Recently, the Project Management Institute announced that 15.7 million new project management roles will be created worldwide by 2020. Wow! Considering how competitive the PM landscape has become, that is some great news for all of us! However, for some the jobs can’t come soon enough. Many have been out of work for months and even years. One particular group is the ‘experienced’ or ‘senior’ talent on the market. Some time ago, I asked what topics do YOU want me to write about in 2013 and a few asked about this challenge. “As someone with 20+ years of PM experience, how do I compete with the ‘younger’ candidates out there?”
While I have reviewed & interviewed hundreds of emails and their respective candidates, I wanted to tap into a few industry leaders to give you the best guidance in this competitive marketplace. Below are some tips from Kendra Andrews, Dir. Of Recruiting at HireNetworks with 17 years of experience, as well as Jeff Lipschultz. In addition to being featured in Money Magazine, U.S. News & Report, and several other outlets; Jeff has crossed the United States on a bicycle (3,280 miles) in 2010.
What are common mistakes made by ‘Experienced’ candidates?
Andrews says “The biggest mistake I see is people who don’t keep their resumes current because “it worked before.” I get resumes that still include height/weight and marital status, even though it’s been since at least the 80s when that was last the norm. I get resumes that scream that the person doesn’t know how to use Word, which is a kiss of death in today’s market. Believe it or not, I still get text resumes from time to time. Also still get a few faxes.”
In his blog post Managing the Age Issue with Recruiters: Age as an Asset or a Liability, Lipschultz explains “Older job seekers are quick to be discouraged about how they are turned down for a job assuming they are “too old” or “overqualified.” When this happens a lot to someone I know, my first question to them is: “Are you applying to the right jobs?” You need to be applying for jobs that require more experience instead of trying to shoehorn yourself into a job that can be filled by someone with less.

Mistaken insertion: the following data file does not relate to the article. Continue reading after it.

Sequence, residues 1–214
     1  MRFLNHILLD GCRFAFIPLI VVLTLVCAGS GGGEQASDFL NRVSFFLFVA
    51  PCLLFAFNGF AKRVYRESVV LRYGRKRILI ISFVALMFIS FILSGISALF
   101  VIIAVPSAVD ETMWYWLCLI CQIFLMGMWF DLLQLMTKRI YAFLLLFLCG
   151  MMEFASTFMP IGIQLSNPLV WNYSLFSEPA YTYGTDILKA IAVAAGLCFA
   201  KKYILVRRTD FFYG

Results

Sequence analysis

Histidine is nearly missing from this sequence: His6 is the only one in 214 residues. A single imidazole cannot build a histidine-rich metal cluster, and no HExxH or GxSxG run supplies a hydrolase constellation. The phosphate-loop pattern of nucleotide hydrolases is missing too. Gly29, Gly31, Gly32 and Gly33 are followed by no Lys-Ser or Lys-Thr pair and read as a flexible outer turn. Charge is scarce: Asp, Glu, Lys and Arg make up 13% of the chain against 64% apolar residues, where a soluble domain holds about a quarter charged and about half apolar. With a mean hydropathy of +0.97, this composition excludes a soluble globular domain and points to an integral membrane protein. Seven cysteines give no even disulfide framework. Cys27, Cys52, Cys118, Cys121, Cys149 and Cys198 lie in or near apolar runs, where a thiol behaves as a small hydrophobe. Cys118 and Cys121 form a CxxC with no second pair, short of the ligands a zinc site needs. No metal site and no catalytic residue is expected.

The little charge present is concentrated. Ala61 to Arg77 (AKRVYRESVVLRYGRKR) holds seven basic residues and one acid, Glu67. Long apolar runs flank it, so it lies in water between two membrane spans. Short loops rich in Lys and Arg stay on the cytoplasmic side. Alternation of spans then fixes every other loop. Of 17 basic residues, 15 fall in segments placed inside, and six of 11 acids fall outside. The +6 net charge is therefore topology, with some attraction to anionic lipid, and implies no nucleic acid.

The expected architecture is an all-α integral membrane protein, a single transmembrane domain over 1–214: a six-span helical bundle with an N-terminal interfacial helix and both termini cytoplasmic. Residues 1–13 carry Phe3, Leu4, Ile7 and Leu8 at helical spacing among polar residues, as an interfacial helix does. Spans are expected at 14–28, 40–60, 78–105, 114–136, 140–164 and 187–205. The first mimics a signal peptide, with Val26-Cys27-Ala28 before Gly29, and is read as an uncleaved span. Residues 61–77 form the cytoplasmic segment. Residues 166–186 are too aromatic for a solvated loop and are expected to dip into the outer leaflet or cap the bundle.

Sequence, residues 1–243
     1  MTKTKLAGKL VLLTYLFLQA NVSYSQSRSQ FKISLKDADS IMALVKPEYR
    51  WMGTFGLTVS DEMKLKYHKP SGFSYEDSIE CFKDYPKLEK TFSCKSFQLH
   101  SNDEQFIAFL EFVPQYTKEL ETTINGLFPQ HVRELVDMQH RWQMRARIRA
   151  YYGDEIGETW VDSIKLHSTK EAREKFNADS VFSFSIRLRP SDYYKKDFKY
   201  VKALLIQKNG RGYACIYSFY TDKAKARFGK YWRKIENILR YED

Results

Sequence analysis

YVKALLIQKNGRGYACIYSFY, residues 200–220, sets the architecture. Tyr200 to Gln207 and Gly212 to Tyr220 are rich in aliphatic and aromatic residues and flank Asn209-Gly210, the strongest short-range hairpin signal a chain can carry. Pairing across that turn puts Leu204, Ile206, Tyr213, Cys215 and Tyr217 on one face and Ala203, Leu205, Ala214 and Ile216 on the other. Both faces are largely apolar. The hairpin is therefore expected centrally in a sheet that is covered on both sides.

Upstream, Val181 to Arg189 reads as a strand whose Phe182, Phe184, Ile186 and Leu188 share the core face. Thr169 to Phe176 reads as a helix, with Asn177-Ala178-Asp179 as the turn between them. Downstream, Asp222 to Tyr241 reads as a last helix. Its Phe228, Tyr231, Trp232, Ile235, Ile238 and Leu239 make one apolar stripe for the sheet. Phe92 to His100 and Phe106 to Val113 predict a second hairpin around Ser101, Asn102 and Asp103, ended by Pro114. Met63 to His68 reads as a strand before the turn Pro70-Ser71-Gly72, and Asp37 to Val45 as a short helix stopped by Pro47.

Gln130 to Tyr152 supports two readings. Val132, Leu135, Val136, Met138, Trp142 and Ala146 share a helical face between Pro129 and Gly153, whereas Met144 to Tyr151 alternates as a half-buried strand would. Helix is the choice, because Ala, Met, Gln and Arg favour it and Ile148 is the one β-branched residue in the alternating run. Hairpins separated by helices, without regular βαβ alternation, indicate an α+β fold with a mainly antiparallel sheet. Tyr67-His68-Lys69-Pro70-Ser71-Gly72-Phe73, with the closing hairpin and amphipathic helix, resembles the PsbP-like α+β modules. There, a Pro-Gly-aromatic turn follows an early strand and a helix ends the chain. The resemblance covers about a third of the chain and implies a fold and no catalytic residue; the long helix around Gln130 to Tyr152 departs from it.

With such talk about social media and innovation, are ‘experienced’ workers really at a disadvantage or is this a misnomer?
If it is a factor, what would you suggest for a few immediate actions? There’s a recruiter I know who is well into his 60s but he has to be the most connected social media person I know. He’s got to be at 20,000 LinkedIn connections and he was the first adapter for Twitter for recruiting among my circle. So the concept that social media and seasoned worker don’t go hand-in-hand is a misnomer, but someone who doesn’t embrace what’s out there will seem unable to change with the times. Not saying a person suddenly has to set up a twitter account and tweet that they are heading to the grocery store every day, but a job seeker in anything professional who doesn’t have a LinkedIn profile automatically has a ding against them in the eyes of many recruiters/HR professionals.